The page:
PaperTiger 29th Jul 2008 20:43

Weren't there seven runways ?
2 x 09/27, 2 x 05/23 and 3 x 14/32.

WHBM 29th Jul 2008 20:48

Originally Posted by chevvron (Post 4296740)
starring the formidable James Robertson Justice as the captain of a BOAC Stratocruiser

Modelled on BOAC Captain O. P. Jones I believe.

The SSK 29th Jul 2008 21:01

Queens Building was the original central area terminal, but I don't think it was ever called Terminal 2; T1 was built to the north of it then T2 to the south, then QB became airline offices, crew reporting and flight clearance/AIS etc.
When I started with BOAC in 67 there were two terminals, Europa which became T2 and Oceanic which became T3 departures. The Queens Building was the BEA ops centre, also the entrance to the roof gardens which stretched across T2 and to the 'corner' where you could get a view of the nearer T3 stands but not the further ones. The next central area buildings were I guess the BOAC cargocentre just to the west of the tunnel entrance - I was working there by late 68 - then T1 which probably opened in 69 (at which point the other 2 were renamed/numbered) and also the T3 arrivals building, around the same time.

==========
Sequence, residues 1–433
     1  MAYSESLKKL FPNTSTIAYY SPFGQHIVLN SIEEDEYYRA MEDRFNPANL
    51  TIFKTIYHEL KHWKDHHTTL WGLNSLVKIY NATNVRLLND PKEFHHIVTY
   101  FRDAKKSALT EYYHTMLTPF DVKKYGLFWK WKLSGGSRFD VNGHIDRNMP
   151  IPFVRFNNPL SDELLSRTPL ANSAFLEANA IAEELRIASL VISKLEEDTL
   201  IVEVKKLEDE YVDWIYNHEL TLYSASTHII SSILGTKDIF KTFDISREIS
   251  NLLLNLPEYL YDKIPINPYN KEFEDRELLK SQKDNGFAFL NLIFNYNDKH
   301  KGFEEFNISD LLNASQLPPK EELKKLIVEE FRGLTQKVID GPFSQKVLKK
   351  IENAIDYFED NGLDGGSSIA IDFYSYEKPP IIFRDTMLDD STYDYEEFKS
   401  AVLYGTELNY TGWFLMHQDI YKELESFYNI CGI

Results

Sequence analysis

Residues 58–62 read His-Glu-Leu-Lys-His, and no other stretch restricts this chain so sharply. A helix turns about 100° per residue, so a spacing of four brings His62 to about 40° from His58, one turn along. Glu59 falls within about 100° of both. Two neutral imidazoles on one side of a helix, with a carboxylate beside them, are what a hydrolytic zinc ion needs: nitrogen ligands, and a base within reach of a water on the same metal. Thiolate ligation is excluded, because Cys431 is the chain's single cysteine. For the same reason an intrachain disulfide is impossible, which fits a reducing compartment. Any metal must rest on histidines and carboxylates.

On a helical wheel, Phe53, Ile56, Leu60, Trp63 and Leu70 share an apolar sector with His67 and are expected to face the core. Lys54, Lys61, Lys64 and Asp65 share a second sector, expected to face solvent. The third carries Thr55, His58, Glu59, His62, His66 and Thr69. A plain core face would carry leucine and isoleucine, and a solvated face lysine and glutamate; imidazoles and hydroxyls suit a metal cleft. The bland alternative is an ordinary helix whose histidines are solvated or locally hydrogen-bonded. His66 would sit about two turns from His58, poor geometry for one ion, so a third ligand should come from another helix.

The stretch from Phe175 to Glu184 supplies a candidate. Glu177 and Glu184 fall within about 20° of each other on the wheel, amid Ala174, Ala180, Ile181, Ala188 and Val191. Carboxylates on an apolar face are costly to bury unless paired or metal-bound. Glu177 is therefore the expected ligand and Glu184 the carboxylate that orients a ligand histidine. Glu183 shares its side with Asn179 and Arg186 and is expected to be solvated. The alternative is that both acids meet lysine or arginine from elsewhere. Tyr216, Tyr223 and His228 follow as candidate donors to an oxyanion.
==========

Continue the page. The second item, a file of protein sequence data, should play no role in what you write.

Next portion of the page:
Swedish Steve 29th Jul 2008 21:27

Weren't there seven runways ?
2 x 09/27, 2 x 05/23 and 3 x 14/32.
Yes but not all at once.
According to my Ian Allen London's Airports which was published about 1959
The RAF built 3 runways, an inverted triangle. A second triangle was imposed on top of this and during this work the original 32L was decommissioned and a new 32L built. The original 32L passed through what is now the T2 car park. By 1959 32R was not in use leaving 5 runways.
At this time the only passenger building in the central area was called the Short Haul Building, or the Nbr 2 passenger building (now T2). The new long haul building was under construction and was to be called the Long haul building or the Nbr 3 passenger building.
The Queens Building was never a Terminal, although there were two jetties leading to four gates on its airside, pax walked there from T2. There were three more jetties leading to six ground level gates on T2.

I used to cycle to LAP in 1963, cycling through the tunnel to the Central Area. Cycling was later banned, and a special bus was put on which carried bikes in racks at the back from the Northside area.

S'land 29th Jul 2008 21:44

I lived in Holmer Green from 1963 until uni took me away. I used to bike around the Chesham, LEY Hill, Latimer area a lot.